Casino operator MGM China Holdings Ltd will pay MOP20 million (US$2.47 million) to SJM Holdings Ltd in connection with the extension of its Macau gaming sub-concession to June 26, 2022, the two companies said in separate filings to the Hong Kong Stock Exchange on Friday.
Each company will also have to make major financial commitments to the local government regarding rights and conditions applicable to local workers.
Earlier on Friday, the Macau government said it had approved a request to extend the gaming concessions of SJM Holdings and MGM China for little over two years. Their respective licences were set to expire in March 2020.
SJM Holdings concession was granted for 18 years, giving leeway for the government to authorise one or more extensions up to the 20-year limit. MGM China – as a sub-concessionaire – was bound to the same licence deadline. The Macau casino sub-concession used by MGM China was purchased in 2005 for US$200 million from SJM Holdings.
Such extension aligns the terms of these two gaming concessions with the other four operators in the Macau market, the licences of which are due to expire in June 2022.
The new contracts with units of respectively SJM Holdings and MGM China were signed on Friday morning, according to the government. MGM China is the Macau unit of U.S.-based casino operator MGM Resorts International.
Commenting on the licence extension, Jim Murren, chairman and chief executive of MGM Resorts, said in a separate press release: “We are grateful for the support of the Macau government to have authorised and extended our sub-concession to now align with the rest of the market.”
He added: “We continue to believe in the long-term success of Macau. As the region continues to grow into an international leisure and tourism destination, MGM China remains committed to supporting this vision…”
In Friday’s filing, the SJM Holdings board said the concession extension represented “an important development” for the company as it is now placed “in the same position as the other concessionaires when the Macau government considers inviting tenders for the next round of gaming concessions”.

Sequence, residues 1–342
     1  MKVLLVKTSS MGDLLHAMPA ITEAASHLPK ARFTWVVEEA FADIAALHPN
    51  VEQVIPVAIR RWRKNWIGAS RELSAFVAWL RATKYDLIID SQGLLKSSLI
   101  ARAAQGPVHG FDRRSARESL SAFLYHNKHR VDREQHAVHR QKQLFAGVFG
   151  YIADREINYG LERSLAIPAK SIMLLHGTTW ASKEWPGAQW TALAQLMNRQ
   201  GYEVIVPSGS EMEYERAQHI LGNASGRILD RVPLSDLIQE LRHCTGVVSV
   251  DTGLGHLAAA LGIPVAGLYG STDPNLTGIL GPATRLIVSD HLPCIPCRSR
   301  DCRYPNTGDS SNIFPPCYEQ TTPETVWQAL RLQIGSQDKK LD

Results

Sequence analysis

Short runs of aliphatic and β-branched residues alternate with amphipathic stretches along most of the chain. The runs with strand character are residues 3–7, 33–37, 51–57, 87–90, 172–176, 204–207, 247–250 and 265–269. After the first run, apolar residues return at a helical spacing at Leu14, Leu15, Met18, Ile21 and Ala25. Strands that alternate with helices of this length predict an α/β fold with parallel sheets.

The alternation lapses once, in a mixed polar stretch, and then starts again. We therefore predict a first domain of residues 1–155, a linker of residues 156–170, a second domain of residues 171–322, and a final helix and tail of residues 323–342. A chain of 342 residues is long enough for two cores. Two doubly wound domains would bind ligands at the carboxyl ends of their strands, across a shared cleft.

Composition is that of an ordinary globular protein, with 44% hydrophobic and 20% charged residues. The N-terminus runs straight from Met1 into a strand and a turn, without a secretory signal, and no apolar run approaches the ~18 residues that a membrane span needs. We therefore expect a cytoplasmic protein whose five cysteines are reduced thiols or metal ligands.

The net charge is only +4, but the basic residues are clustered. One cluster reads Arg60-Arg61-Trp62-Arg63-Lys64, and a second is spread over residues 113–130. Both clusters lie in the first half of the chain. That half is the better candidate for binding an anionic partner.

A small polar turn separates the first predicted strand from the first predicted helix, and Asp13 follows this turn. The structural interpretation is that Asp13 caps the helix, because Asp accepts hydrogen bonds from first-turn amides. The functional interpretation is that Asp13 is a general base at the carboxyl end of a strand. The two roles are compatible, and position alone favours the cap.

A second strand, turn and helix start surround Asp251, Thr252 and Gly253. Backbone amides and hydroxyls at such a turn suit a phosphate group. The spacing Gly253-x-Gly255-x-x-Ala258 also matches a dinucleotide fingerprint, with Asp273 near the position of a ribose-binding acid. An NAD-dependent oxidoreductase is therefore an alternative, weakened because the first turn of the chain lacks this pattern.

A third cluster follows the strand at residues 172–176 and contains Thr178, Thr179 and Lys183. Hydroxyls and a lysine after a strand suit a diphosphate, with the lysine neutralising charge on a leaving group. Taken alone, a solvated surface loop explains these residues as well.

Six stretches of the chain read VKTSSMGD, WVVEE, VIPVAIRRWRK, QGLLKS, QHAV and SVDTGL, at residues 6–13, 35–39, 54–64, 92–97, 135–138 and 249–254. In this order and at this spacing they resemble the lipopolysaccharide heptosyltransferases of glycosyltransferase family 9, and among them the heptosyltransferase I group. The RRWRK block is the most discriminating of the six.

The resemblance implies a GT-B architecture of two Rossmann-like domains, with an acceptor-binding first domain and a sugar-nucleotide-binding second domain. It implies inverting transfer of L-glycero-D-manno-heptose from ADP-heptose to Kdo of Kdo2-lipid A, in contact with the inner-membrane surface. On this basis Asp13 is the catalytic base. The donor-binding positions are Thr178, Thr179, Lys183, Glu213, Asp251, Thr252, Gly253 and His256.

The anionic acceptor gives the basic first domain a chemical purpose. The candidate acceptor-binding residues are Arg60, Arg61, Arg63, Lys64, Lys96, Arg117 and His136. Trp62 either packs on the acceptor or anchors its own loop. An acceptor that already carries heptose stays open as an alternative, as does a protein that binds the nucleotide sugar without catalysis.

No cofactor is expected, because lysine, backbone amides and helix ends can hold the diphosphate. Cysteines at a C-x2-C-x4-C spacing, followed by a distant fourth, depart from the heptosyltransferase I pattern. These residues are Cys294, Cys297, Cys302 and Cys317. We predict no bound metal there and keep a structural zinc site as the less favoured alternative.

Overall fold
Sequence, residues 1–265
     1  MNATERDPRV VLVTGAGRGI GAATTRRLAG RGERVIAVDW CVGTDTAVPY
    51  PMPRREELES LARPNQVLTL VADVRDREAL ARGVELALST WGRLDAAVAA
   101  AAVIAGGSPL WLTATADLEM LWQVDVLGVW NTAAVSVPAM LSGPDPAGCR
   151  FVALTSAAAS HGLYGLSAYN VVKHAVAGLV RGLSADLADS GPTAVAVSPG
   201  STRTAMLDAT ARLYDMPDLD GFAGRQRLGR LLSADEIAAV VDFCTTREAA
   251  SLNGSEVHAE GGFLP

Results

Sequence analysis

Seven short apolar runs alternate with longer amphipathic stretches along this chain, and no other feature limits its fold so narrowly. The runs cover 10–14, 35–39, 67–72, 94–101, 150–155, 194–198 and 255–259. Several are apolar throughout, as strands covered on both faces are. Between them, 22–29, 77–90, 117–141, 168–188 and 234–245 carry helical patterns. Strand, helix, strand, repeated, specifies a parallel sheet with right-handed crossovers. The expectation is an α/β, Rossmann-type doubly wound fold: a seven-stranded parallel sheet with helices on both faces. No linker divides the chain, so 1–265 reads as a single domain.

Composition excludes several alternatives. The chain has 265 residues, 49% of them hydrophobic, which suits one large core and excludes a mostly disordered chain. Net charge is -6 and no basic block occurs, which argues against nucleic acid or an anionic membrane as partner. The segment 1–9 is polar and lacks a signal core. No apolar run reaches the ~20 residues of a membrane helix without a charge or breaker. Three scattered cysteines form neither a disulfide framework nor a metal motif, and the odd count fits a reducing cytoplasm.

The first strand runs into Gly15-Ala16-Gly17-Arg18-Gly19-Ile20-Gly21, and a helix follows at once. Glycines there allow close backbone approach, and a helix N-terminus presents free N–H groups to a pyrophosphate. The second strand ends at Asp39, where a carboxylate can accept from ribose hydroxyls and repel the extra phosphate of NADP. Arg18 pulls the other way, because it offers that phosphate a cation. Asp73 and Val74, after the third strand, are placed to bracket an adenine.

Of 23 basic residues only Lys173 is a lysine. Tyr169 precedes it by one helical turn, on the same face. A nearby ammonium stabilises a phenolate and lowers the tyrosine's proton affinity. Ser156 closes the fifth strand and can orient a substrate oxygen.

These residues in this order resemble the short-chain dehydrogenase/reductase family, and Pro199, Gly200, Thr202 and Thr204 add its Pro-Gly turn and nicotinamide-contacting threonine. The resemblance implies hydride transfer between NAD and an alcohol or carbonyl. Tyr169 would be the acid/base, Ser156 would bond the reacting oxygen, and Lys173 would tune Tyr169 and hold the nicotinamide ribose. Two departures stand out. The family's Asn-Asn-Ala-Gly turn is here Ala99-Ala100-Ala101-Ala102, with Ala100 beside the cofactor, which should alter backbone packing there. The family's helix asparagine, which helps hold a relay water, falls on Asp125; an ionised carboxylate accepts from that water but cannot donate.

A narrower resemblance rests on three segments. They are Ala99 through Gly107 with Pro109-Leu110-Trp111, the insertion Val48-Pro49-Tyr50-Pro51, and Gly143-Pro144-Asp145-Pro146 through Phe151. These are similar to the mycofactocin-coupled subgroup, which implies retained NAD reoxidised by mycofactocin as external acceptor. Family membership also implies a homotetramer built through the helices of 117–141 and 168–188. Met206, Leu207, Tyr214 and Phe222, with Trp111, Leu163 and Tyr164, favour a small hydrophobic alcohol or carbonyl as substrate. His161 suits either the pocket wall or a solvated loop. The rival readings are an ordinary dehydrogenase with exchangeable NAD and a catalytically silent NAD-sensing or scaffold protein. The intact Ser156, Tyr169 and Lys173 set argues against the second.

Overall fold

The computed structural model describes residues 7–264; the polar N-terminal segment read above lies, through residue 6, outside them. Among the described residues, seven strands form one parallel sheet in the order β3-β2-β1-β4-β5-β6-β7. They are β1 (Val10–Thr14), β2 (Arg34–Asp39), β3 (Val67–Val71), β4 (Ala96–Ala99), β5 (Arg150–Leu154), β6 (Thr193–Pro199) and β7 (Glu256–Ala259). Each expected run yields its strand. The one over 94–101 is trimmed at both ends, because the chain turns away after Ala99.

SJM Holdings confirmed in a Friday press release that it had already signed with the local government the relevant paperwork for the extension of its concession extension, and with MGM China’s side for the related sub-concession.
Ambrose So Shu Fai, chief executive of SJM Holdings, said in a prepared statement, referring to Sociedade de Jogos de Macau SA, the locally-registered unit holding its Macau concession: “SJM SA welcomes this extension and the reasonable terms set by the Macau government. Synchronising the expiration dates of all concessions and sub-concessions is very much in the interest of Macau and its tourism industry.”
In connection with the licence extension, SJM Holdings and MGM China will each have to pay MOP200 million to the government by way of compensation.
Other conditions set by the government require the two gaming operators to join the city’s “Non-mandatory central provident fund system” and to establish what is termed a “Labour creditor’s rights protection fund” – as encouraged among the city’s employers under local legislation passed in 2015 – within three months from the date of the signing of the new contracts.
Under the labour creditor’s rights protection fund, SJM Holdings is required to provide a bank guarantee of not less than MOP3.5 billion to the Macau government “to warrant the fulfilment of an already existing commitment of labour liabilities after the expiry of the concession extension contract”. In the case of MGM China, the company is required to provide a bank guarantee of at least MOP820 million.
The agreement also states that the government may require from each of the companies an increase to the amount of that stated guarantee, depending on the number of eligible employees hired by them.
(Updated 5.05pm, March 15)
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”China has been strengthening the control over capital flow, and the impact of that has already been reflected [on Macau’s gaming revenue trend]. There should not be any bigger impact from the new… legislation [on the mainland] … on the gaming revenue trend here”
Wilfred Wong Ying Wai
President of Macau casino operator Sands China